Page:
Carlos the Jackal on trial for deadly French bombings

7th November 2011, Comments 0 comments

Notorious Venezuelan militant cell leader Carlos the Jackal went on trial on Monday in Paris accused of carrying out four deadly bombings in France that killed 11 people and wounded almost 150.

The 62-year-old has made no secret of his past as the leader of a gang that carried out attacks on behalf of Warsaw Pact intelligence agencies and far-left or pro-Palestinian causes, but denies the latest French charges.

"I'm a professional revolutionary," he told judge Olivier Leurent, who began his questioning in front of a Paris anti-terrorism tribunal.

In a press interview, Carlos Ilich Ramirez Sanchez admitted leading a global campaign of attacks that left between 1,500 and 2,000 people dead.

He looked relaxed as the trial got under way, appearing in jeans and a blue jacket, as dozens of journalists and a motley collection of well-wishers struggled to find space in the packed courtroom.

Speaking before the hearing, French stand-up comic Dieudonne Mbala Mbala, an activist close to far-right circles who has been convicted of anti-Semitism, demanded "Commander Carlos" be allowed to return home to Venezuela.

The accused was arrested in Sudan in 1994 and transferred to France, where he has since been held in various jails. In 1997 he was convicted of the 1975 murder of a civilian and two policemen, and jailed for life.

Six weeks of hearings are scheduled, during which Carlos will return nightly under tight guard to his cell in Paris'S high-security La Sante prison. The trial is due to end on December 16.

Around 20 witnesses are expected to be called, including family members, experts and former accomplices.

On Sunday, Carlos boasted in an interview with Venezuelan newspaper El Nacional of committing more than 100 attacks.

Asked about civilian casualties, he told the paper: "There were very few. I calculated that they were fewer than 10 percent. So out of 1,500 to 2,000 killed, there were not more than 200 civilian victims."

Carlos, born in 1949, rose to prominence in 1975 when his commando group burst into the conference room where ministers from the powerful OPEC oil cartel were meeting in Vienna, taking 11 hostage.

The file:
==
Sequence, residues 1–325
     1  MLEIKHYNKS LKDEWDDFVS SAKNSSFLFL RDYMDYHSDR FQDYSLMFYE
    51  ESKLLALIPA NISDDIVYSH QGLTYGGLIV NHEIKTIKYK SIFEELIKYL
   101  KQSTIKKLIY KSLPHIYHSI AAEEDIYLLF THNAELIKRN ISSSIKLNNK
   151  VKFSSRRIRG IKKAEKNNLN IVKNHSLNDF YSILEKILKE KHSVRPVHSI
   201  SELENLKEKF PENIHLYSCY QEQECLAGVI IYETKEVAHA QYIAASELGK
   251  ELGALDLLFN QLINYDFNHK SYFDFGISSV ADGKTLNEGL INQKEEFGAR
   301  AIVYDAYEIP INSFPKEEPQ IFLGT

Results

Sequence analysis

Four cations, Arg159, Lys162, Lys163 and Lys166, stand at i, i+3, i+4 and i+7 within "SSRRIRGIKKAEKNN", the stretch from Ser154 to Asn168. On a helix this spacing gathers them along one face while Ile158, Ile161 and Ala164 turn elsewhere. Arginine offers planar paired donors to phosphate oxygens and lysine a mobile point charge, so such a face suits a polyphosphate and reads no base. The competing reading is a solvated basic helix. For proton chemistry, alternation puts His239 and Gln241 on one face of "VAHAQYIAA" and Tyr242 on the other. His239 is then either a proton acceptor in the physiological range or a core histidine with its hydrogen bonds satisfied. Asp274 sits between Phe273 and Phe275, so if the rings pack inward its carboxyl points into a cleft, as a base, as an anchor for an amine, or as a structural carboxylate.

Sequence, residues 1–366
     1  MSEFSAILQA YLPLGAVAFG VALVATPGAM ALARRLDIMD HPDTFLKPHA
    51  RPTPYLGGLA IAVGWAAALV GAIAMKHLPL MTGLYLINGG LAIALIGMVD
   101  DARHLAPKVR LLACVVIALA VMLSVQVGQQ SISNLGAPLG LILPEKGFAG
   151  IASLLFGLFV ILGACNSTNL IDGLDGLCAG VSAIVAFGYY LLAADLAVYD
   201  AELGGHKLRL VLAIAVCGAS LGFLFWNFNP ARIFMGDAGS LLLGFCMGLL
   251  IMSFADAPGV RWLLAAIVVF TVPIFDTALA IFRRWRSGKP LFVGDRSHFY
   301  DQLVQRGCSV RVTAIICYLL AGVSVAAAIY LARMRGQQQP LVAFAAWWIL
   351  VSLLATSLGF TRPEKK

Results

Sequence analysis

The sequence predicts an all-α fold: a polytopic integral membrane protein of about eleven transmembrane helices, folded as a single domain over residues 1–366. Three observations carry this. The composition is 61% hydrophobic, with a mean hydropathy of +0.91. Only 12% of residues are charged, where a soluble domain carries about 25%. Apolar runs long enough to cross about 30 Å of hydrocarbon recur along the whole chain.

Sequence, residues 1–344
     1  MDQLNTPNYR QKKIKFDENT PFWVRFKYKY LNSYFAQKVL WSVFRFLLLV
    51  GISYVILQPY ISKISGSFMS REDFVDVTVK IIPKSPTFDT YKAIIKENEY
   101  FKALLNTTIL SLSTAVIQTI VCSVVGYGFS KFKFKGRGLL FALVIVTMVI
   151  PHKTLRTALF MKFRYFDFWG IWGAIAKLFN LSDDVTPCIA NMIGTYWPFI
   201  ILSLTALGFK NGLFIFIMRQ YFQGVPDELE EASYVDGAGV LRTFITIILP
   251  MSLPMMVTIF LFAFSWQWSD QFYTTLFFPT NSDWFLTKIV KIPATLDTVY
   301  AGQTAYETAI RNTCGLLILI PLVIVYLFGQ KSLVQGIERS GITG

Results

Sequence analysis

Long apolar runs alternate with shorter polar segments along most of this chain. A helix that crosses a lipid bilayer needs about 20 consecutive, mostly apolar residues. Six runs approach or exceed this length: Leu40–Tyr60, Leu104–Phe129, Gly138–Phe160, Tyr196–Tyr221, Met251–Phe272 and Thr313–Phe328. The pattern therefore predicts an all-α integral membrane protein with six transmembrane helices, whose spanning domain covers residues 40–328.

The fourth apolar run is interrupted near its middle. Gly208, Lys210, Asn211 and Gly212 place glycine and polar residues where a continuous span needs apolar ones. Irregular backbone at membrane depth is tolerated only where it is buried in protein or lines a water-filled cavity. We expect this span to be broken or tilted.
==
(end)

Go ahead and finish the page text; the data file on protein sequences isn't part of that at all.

His new trial deals with four attacks that are seen as part of a private war Carlos waged against France to free two comrades, including his future wife, who were arrested in Paris while planning to attack the Kuwaiti embassy.

The first bombing on March 29, 1982 aboard the "Le Capitole" express train running from Paris to the southern city of Toulouse killed five and wounded 28.

The attack was claimed by the "International Terrorist Friends of Carlos" and was followed on April 22, 1982 by the Paris car bombing of anti-Syrian newspaper Al-Watan Al-Arabi that killed a passer-by and wounded 60.

On the same day, Carlos' comrade Bruno Breguet and future wife Magdalena Kopp were convicted of the foiled embassy attack.

Two more bombings took place on New Year's Eve 1983. One hit a high-speed TGV train between Marseille and Paris, killing three people and wounding 13. Moments later, a bomb in a Marseille train station killed two.

Files released from secret police archives in Hungary, the former East Germany and Romania following the fall of the Iron Curtain allegedly detail Carlos's involvement in a series of attacks.

Carlos's lawyers -- including Isabelle Coutant-Peyre, whom he married in a Muslim ceremony in prison 10 years ago -- maintain that files from the former Soviet bloc are unreliable.

Three more suspected members of Carlos's gang -- "Ali" Kamal al-Issawi, Christa-Margot Froehlich and Johannes Weinrich -- are on trial in absentia.

Issawi's whereabouts are unknown, Froehlich is living in Germany which will not extradite her and Weinrich is serving a life sentence in Germany for other attacks, having been arrested in Yemen in 1995.

After the attacks in France, Carlos moved to Syria where he stayed until the 1991 Gulf War, during which Damascus was an ally of the United States and so he was asked to leave.

He then sought refuge in Sudan where, after two decades on the run, Carlos was finally captured in Khartoum in 1994 by French secret service agents acting with the help of the Sudanese government.

Carlos and his lawyers allege he was kidnapped illegally from Sudan.

© 2011 AFP

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